Acceptance Rates

The acceptance rates for early admissions programs vary depending on the college and the strength of the applicant pool. Generally, both Early Action (EA) and Early Decision (ED) applicants benefit from higher acceptance rates compared to Regular Decision applicants. This is usually due to the smaller applicant pool and the level of commitment demonstrated by early applicants. However, while ED applicants may experience slightly higher acceptance rates than EA applicants due to their binding commitment, both options offer advantages in terms of acceptance rates compared to Regular Decision at most schools that offer these options.


The flexibility in the admissions process differs between these early options. Early Action (EA) offers applicants the flexibility to apply to multiple colleges simultaneously, as it is non-binding and does not require a commitment upon acceptance. In contrast, Early Decision (ED) restricts applicants to applying to only one college due to the binding agreement, limiting their flexibility in exploring other options. However, both EA and ED provide students with the advantage of receiving an early decision, allowing them to plan ahead and make informed decisions about their college choices.

Withdrawal of Applications

The requirement to withdraw applications varies between early admissions programs. Early Decision (ED) applicants must withdraw all other college applications upon acceptance, as the agreement is binding and commits them to attending a specific college. In contrast, Early Action (EA) applicants don’t need to withdraw applications if admitted, as the agreement is non-binding. Similarly, Regular Decision applicants have the option to retain their applications at multiple colleges until they receive notification of admission status, providing them with flexibility in their decision-making process.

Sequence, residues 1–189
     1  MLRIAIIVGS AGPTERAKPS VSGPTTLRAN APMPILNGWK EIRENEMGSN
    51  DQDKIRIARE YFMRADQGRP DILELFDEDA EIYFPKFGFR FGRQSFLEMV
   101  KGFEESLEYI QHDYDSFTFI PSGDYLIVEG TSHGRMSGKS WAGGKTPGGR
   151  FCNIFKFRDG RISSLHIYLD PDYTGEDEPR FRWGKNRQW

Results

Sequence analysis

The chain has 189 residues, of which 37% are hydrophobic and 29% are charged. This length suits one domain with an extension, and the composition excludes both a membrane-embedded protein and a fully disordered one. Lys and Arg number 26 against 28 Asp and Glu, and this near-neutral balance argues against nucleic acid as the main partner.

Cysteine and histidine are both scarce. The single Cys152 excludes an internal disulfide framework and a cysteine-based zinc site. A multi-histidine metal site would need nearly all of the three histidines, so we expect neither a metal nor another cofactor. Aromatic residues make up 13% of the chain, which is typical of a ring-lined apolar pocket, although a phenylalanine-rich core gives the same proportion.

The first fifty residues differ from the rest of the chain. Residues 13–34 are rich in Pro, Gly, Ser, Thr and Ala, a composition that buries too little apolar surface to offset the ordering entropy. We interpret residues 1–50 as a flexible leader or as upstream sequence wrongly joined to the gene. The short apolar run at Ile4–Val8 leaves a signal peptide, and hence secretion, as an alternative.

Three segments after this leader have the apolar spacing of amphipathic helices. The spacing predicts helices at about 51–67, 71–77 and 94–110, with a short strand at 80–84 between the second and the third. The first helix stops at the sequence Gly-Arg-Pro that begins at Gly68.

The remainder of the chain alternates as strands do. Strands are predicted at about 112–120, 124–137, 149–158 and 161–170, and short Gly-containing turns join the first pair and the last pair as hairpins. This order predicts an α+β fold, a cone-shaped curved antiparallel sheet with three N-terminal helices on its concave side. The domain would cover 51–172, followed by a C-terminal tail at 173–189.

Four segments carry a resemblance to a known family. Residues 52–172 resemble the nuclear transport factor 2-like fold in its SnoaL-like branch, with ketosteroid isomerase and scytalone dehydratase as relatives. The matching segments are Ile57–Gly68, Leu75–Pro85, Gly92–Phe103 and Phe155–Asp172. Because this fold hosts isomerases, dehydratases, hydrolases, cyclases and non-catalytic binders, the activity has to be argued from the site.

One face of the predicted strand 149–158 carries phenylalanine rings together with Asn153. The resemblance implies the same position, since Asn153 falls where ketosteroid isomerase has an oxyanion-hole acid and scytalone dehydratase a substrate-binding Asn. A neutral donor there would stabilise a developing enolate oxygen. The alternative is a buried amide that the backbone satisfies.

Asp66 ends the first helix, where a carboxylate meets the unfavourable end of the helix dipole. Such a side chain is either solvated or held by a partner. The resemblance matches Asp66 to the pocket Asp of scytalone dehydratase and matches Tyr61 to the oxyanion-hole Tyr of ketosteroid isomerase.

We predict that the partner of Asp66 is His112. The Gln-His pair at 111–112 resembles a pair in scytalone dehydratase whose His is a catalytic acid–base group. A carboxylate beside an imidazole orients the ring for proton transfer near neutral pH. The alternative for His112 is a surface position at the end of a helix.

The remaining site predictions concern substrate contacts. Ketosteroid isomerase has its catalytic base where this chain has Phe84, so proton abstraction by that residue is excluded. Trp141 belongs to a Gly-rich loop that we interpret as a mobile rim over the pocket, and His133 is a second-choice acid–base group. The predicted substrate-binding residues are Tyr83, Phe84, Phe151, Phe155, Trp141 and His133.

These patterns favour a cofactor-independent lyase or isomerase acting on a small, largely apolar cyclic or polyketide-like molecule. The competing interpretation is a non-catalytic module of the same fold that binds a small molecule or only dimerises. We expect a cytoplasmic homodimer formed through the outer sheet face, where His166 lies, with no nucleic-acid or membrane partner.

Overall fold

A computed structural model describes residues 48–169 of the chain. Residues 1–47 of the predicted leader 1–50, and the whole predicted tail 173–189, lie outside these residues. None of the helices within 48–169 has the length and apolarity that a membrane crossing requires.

Related: The Only College Application Checklist You Need 

To sum up, the major difference between Early Action (EA) and Early Decision (ED) is that EA allows you to also apply to other schools, while ED is considered binding and requires you to withdraw from other schools. 

early action vs. early decision

Unsure if Early Action (EA) and Early Decision (ED) options are for you? They may be worth considering if you:

Have a Clear Top-Choice School

If a student has a clear first-choice college and is certain about attending if admitted, Early Decision could be a suitable option as it shows dedication to that institution.

Have Strong Academic Records